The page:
Sex and the City 2 has pulled in $46 million in four days, and it's expected to gross about $51.4 million by the end of the holiday. So the second film took five days to pull in a token amount less than what the first picture grossed in three days. Not good, especially as the sequel cost $30 million more than the original ($95 million this time around). Five-day multipliers are difficult to compare, since only two other films opened on the Thursday of Memorial Day weekend. But Indiana Jones and the Kingdom of the Crystal Skull pulled a tidy 6x multiplier, posting a $25 million opening day and a $152 million five-day haul. Terminator: Salvation posted a 4.8x multiplier over its five days. Sex and the City 2 managed just a 3.61x multiplier. It wouldn't be a ghastly figure, but the relatively low daily numbers and the apparently poisonous word of mouth meant that the franchise may just be playing to the absolute hard-cores from here on out. Expect a massive drop next weekend as well as an obscenely-low opening weekend-to-final gross multiplier.
Third place for the three-day weekend, but second place for the four-day weekend, went to Prince of Persia: The Sands of Time. Costing $200 million, the relatively mediocre Iraq-war parable (the bad guys coerce the good guys to invade and occupy a sovereign land in search of non-existent weapons, and then use private mercenaries to kill their way to the desired treasure) grossed just $30.1 million in its opening three days and $37.8 million in its opening four (which makes the puts the picture in second place, ahead of Sex and the City 2's $37.1 million Fri-Mon holiday weekend gross). The trailers and TV spots highlighted a lack of swashbuckling and adventure, while the print campaign seemed entirely based around Jake Gyllenhaal's six-pack and Gemma Arterton's breasts (the ads seemed to be a cynical attempt to snag female audiences by touting: "sure this movie looks boring, but look how ripped that dude from Brokeback Mountain is!'). In truth, much of the action was too bloody to use in a general-audiences trailer (it's PG-13, but more graphic than The Mummy or Pirates of the Caribbean: Curse of the Black Pearl). And the obnoxiously forced character interaction between the would-be romantic leads (Arterton's every line screams "FEISTY" in the most condescending manner) only made audiences take back the mean things that said about Orlando Bloom and Keira Knightley.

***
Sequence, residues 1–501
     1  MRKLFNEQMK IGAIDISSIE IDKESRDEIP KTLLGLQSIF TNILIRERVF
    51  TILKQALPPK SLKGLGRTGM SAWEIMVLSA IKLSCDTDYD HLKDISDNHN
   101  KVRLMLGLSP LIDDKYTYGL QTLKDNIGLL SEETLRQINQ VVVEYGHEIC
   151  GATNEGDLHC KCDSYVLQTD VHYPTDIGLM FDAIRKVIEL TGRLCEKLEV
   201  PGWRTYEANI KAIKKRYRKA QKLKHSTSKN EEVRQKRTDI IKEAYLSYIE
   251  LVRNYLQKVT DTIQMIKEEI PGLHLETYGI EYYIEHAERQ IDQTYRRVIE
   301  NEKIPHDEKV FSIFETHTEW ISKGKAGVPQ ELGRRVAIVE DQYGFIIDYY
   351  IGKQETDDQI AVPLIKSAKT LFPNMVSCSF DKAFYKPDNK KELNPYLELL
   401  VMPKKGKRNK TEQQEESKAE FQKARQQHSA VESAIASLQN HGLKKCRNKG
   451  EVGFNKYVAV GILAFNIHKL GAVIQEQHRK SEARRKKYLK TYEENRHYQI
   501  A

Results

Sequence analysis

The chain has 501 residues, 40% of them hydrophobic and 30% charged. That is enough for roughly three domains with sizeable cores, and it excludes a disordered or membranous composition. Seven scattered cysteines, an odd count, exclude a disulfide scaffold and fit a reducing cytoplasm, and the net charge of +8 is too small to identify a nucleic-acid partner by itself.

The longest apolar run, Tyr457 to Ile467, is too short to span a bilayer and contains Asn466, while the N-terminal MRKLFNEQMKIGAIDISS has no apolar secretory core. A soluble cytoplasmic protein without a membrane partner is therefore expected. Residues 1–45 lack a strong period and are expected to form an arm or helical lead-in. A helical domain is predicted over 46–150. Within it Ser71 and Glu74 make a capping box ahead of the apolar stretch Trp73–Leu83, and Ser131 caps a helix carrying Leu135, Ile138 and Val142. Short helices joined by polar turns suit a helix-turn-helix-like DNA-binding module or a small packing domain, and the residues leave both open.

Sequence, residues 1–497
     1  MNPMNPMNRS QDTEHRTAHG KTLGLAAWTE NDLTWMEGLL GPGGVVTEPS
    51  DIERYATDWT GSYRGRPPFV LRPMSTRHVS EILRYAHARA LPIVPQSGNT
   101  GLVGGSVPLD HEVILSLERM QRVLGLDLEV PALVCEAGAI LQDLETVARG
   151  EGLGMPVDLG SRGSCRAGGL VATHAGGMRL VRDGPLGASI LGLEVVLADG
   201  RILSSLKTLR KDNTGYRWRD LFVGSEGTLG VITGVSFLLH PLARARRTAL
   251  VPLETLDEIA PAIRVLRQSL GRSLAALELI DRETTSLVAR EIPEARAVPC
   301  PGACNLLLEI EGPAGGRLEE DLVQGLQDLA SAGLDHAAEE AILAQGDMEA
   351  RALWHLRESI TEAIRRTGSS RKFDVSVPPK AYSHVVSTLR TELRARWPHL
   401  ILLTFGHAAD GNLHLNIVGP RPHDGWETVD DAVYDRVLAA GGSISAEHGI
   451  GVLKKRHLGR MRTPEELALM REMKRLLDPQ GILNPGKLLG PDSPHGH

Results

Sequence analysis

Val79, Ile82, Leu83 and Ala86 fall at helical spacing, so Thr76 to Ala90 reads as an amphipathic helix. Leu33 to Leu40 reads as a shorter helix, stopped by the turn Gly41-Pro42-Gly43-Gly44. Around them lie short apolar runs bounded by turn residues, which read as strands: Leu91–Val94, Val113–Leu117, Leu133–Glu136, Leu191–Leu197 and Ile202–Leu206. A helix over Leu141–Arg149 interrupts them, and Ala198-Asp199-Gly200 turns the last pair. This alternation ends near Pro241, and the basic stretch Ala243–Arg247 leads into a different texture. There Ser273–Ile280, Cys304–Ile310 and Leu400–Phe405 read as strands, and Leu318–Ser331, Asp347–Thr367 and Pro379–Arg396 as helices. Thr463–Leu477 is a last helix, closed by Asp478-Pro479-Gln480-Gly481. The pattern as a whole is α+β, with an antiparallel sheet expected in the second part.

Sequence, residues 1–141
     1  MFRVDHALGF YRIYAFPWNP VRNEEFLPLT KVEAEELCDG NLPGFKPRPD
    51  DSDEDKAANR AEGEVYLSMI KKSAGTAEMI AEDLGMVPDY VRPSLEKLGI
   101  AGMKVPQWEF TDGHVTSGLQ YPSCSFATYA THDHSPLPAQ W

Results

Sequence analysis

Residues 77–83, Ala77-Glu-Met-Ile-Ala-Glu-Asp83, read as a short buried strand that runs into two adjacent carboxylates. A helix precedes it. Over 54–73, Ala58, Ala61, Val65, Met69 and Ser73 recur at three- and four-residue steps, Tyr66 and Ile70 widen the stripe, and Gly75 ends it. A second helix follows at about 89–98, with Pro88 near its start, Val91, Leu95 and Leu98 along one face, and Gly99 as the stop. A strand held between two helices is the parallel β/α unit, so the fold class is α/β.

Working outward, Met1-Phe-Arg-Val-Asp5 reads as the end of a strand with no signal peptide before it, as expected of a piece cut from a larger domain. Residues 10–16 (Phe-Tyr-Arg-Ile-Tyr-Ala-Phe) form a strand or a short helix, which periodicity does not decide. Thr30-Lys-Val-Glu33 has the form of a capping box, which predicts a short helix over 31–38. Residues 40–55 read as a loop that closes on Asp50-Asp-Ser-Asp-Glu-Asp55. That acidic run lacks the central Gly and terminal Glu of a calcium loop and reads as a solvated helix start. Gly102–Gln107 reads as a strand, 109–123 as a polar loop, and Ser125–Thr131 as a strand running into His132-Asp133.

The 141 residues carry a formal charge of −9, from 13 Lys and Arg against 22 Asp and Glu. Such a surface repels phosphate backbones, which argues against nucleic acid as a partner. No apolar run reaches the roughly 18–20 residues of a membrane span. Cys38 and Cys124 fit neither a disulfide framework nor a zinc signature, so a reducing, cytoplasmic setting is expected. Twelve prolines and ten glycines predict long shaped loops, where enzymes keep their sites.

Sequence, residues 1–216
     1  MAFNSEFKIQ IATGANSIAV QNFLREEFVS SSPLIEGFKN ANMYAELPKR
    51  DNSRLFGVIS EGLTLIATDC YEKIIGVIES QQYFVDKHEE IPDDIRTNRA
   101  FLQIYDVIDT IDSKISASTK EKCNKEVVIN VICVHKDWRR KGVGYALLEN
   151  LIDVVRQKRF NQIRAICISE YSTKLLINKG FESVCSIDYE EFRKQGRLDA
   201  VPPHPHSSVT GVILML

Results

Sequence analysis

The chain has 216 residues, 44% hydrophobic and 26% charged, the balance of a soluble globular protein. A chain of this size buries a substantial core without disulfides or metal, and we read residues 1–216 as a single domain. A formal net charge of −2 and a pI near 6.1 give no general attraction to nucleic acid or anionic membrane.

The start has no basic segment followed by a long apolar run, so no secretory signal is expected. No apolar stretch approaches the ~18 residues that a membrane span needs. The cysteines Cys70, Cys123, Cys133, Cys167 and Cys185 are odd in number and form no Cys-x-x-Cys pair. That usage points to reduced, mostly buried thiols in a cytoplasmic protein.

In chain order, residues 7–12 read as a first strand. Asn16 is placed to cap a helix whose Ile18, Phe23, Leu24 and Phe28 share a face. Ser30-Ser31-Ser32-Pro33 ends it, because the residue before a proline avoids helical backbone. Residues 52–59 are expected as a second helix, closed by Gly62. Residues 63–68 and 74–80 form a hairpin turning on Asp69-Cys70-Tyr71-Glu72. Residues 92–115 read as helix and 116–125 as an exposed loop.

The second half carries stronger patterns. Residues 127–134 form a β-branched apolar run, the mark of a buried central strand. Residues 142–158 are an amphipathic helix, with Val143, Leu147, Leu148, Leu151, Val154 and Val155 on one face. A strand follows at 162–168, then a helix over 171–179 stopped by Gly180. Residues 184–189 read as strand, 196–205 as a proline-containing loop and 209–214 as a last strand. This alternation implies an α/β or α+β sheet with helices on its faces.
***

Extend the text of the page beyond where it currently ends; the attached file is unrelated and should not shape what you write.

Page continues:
The movie looked terrible, the reviews were lousy, and the film had no real 'wow' moments, let alone any Jack Sparrow-ish wit or Brendan Fraser-ish bemusement, to put in a trailer. And, on a final note, the relatively small opening of Shrek IV was probably the final nail in the coffin. Had more people sampled the fourth Shrek last weekend, Prince of Persia: the Sands of Time would have been the likely choice of families going to the movies over the holiday weekend. But with so many passing on Shrek last weekend, it became the de facto safe choice for general moviegoing families, leaving the way-too-expensive video game adaptation in the not-so-magic dust. As I said yesterday, Disney spent Dead Man's Chest money on a proverbial Curse of the Black Pearl, and they will pay dearly for it. I'm not the first to say this (Dave Poland of Movie City News called this back in February), but I'd imagine that Disney knew it had a turkey on its hands, which is what perhaps caused it to rush the $1 billion-grossing Alice in Wonderland onto DVD/Blu Ray in a relatively short 88 days.